Vedanta Aluminium’s plan to shut its alumina refinery in eastern India will not hit its aluminium output because it aims to treble imports of the raw material, a company official said on Thursday.
The company, part of billionaire Anil Agarwal’s Vedanta Group, intends to implement a temporary shutdown of its Lanjigarh refinery in Odisha state from Dec. 5 because of bauxite shortages, its president Mukesh Kumar said on Thursday.
India, the world’s fifth-biggest bauxite producer, has been limiting the issue of bauxite leases mainly because of local protests over land acquisition.
Vedanta has asked the government for help in obtaining bauxite supplies because mining plans have become mired in litigation and protests by residents. It has even called for a ban on bauxite exports.
“After shutdown of Lanjigarh plant we will be left with no option other than to meet full requirement through imports,” Kumar said, adding that it will need to buy an additional one million tonnes a year.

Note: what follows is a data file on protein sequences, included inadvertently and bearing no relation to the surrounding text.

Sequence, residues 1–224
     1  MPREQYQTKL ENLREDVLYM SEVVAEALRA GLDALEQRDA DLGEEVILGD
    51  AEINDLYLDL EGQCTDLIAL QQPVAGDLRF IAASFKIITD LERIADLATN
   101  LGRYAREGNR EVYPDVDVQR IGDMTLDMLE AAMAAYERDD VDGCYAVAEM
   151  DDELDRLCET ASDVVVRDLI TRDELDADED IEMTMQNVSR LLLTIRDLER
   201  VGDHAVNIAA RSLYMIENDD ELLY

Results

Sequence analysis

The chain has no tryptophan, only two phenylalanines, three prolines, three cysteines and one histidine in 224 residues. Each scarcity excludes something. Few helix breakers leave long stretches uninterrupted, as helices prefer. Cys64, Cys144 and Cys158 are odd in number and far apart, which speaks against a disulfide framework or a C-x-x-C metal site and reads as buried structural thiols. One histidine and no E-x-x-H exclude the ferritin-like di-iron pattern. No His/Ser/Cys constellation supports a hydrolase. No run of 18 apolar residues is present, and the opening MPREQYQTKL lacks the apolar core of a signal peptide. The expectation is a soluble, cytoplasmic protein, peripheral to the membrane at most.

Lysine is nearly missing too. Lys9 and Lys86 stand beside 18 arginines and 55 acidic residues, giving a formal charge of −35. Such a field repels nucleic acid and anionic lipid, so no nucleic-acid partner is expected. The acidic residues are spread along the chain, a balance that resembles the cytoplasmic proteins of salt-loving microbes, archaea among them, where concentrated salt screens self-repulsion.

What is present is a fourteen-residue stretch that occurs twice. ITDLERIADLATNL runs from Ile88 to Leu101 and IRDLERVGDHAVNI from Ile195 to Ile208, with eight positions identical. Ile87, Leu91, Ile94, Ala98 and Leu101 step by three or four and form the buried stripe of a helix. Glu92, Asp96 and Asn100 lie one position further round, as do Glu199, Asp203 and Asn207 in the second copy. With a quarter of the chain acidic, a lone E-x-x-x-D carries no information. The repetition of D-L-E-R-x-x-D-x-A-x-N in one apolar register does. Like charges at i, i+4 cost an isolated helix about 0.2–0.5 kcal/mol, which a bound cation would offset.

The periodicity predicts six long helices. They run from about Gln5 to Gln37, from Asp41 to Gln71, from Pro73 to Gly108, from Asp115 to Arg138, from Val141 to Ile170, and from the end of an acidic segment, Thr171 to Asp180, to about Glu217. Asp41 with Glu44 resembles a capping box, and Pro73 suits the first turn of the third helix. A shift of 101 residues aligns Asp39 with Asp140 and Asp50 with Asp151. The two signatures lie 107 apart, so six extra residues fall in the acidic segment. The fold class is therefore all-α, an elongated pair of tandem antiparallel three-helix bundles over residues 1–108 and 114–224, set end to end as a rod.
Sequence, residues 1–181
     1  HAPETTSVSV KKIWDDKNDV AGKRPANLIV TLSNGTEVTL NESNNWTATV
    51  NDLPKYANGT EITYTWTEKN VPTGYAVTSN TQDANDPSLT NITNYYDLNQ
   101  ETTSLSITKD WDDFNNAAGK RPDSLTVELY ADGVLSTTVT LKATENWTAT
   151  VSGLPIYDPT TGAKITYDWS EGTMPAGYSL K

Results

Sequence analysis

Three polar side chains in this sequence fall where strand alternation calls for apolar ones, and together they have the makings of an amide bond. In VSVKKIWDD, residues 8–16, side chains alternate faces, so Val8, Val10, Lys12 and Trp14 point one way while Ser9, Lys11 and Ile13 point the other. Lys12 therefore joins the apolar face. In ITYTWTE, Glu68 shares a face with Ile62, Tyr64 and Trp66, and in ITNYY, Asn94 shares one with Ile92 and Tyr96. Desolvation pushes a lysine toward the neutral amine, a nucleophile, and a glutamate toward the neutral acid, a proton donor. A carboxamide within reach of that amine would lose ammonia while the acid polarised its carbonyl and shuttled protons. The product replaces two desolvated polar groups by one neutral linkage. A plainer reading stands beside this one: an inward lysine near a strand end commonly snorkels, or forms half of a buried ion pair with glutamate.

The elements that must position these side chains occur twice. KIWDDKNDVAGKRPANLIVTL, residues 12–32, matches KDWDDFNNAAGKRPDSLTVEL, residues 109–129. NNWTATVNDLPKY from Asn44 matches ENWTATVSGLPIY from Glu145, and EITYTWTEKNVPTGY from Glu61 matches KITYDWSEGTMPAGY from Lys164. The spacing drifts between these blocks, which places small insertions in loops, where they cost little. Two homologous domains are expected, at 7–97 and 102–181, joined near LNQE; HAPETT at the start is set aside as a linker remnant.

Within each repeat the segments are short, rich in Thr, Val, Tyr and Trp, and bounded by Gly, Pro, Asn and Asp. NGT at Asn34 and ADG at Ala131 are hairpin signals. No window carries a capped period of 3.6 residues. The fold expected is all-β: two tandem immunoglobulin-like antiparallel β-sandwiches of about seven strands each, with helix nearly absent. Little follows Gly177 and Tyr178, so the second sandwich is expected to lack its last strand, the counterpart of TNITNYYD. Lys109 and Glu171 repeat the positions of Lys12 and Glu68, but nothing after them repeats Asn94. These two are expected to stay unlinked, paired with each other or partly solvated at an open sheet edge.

Kumar said that the softening of global aluminum plate prices would help the company to step up imports. Aluminium prices have been under pressure because of the slowing global economy.
Vedanta needs 10,000 tonnes of bauxite a day to operate the Lanjigarh plant at its full capacity of one million tonnes a year.
The refinery is currently operating at 70 percent capacity and supplies alumina to Vedanta’s Jharsuguda smelter in Odisha, which can produce 500,000 tonnes of aluminium a year.
India produces about 1.6 million tonnes of aluminium a year and consumes about 1.3 million tonnes. Aluminium demand in Asia’s third-largest economy is expected to grow by 7 to 8 percent a year, led by its power transmission, construction and automobile sectors.
The country’ aluminium pipe exports are expected to rise by 5 percent to 325,000 tonnes in the year to March 31, 2013.